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Giving Thanks in Ancient Rome Posted by on Nov 28, 2019 in Latin Language, Roman culture

Salavete Omnes,

The roots of the American thanksgiving may stem from history and celebrating survival among other things – original feasts and festivals for thankfulness date much older. In Ancient Rome where all aspects of life could be swayed by the will of the gods through sacrifices and prayers. Well, that is at least what the Romans believed. Below is one example of giving thanks relating to agriculture.

The following prater is from Cato, De Agricultura 132

An offering to Jupiter Dapalis (Jupiter of the feast) before ploughing.

This ritual is recommended by Cato for farmers as a yearly offering for their oxen, to be made when the pear-trees bloom before the ploughing seasons begins. The aim is to bring a divine blessing on the oxen as they undertake the ploughing of the fields, in order to ensure a healthy crop and a good yield. However, this ritual could equally be used on the occasion of any important enterprise or undertaking, e.g. opening a new business, buying a house, starting a new job, finalizing an important deal, etc. – Perhaps some people recall the seen in Rome where Vorenus has a feast for a new business/job/enterprise. Before the sowing of autumn or spring the peasant offered a banquet of roast beef and a cup of wine to Jupiter : it is natural that on such occasions he would entreat the god who has power over the weather, however Cato’s prayer is one of sheer offer and no request. The language suggests another attitude: Jupiter is invited to a banquet which is supposedly abundant and magnificent.  The peasant may hope he shall receive a benefit, but he does not say it.

LATIN:

‘Dapem hoc modo fieri oportet. Iovi dapali culignam vini quantum vis polluceto. Eo die feriae bubus et bubulcis et qui dapem facient. Cum pollucere oportebit, sic facies: “Iuppiter dapalis, quod tibi fieri oportet in domo familia mea culignam vini dapi, eius rei ergo macte hac illace dape pollucenda esto.” Manus interluito, postea vinum sumito: “Iuppiter dapalis, macte istace dape pollucenda esto, macte vino inferio esto.” Vestae, si voles, dato. Daps Iovi assaria pecuina urna vini. Iovi caste profanato sua contagione.’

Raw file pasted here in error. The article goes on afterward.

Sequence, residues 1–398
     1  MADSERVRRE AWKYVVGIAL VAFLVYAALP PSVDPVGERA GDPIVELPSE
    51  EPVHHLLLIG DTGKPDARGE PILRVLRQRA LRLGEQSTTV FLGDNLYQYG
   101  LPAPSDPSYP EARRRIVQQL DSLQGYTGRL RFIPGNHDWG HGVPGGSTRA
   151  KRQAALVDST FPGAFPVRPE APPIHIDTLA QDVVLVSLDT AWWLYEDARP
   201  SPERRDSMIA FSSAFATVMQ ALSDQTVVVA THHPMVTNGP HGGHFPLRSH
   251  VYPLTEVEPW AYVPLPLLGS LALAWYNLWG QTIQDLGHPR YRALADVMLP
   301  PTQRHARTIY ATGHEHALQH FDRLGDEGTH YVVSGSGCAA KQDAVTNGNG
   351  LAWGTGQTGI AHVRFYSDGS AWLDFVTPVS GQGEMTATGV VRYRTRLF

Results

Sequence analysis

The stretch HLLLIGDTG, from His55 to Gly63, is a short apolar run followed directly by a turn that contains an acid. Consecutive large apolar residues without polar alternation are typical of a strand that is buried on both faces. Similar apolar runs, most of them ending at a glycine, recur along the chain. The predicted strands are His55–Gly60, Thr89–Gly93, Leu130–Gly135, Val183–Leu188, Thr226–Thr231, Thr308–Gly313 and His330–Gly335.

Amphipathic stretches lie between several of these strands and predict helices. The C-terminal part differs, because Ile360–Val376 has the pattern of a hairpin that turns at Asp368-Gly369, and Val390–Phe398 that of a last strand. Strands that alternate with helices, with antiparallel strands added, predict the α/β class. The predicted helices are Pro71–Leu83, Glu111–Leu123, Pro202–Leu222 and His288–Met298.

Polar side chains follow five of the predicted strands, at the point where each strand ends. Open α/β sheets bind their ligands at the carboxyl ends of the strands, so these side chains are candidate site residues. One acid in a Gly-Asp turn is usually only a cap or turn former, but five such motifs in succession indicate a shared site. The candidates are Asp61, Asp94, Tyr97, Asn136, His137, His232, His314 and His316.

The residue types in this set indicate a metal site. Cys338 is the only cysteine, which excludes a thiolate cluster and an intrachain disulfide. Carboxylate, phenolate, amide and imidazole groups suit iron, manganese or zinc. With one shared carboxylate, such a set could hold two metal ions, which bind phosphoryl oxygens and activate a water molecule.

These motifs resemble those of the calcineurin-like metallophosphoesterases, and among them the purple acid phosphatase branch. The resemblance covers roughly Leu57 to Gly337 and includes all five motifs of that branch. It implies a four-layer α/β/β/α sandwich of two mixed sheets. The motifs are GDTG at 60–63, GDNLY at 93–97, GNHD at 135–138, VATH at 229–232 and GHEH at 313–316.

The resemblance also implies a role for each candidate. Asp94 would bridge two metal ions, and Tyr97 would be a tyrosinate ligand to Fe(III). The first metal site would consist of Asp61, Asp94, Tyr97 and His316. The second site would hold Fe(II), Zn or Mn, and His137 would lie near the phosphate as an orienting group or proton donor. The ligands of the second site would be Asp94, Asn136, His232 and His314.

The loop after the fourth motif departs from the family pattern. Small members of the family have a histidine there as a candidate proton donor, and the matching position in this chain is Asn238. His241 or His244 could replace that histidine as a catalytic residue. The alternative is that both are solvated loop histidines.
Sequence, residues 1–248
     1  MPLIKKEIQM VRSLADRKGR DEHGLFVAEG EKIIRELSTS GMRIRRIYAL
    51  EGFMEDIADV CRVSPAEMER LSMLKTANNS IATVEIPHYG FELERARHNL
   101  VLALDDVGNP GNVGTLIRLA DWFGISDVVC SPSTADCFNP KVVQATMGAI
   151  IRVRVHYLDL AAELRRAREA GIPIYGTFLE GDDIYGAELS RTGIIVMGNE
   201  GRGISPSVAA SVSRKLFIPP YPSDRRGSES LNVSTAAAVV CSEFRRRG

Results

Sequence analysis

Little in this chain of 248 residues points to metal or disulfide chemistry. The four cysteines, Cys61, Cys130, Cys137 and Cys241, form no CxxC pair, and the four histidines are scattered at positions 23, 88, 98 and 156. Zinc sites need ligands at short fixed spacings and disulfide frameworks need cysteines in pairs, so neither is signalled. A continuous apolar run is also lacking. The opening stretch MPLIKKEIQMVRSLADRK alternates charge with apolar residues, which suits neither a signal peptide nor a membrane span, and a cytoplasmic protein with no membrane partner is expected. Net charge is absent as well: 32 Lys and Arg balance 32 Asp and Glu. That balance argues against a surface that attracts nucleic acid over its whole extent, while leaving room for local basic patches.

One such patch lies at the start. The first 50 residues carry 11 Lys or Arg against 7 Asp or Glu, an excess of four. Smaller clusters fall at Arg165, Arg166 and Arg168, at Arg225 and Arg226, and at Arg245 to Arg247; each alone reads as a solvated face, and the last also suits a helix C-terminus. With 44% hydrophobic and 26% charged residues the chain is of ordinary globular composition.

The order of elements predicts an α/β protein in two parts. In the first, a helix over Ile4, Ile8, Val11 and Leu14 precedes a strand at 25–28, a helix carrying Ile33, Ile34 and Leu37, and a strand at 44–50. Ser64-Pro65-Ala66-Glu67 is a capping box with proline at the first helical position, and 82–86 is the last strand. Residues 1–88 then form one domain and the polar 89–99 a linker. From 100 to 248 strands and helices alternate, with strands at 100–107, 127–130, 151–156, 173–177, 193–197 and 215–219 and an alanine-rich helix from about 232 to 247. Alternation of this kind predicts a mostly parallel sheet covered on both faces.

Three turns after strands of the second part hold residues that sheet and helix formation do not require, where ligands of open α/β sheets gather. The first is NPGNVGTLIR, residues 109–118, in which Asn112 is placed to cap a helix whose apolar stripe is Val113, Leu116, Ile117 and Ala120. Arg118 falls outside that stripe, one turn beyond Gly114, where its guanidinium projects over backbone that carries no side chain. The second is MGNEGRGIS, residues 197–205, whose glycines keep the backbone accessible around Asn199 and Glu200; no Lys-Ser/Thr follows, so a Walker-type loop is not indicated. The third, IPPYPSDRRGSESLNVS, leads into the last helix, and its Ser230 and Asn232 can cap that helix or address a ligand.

ENGLISH:

‘It is proper for the sacrificial feast to be made in this way. Offer to Jupiter Dapalis a cup of wine as great as you wish. It is a festival that day for the oxen and the ox-men and those who will carry out the sacrifice. When it will be proper to make the offering, speak thus: “Jupiter Dapalis, because it is proper for a cup of wine to be given to you in the house of my family for the sacred feast, for the sake of this thing may you be honoured by this, the feast offering.” Wash the hands, afterwards take the wine: “Jupiter Dapalis, may you be honoured by this feast offering, may you be honoured by the wine sacrificed.” Give to Vesta, if you wish. The sacred feast for Jupiter is roasted meat and an urn of wine. To Iuppiter you shall piously profane his [offerings] with [your] touch.’

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About the Author: Brittany Britanniae

Hello There! Please feel free to ask me anything about Latin Grammar, Syntax, or the Ancient World.


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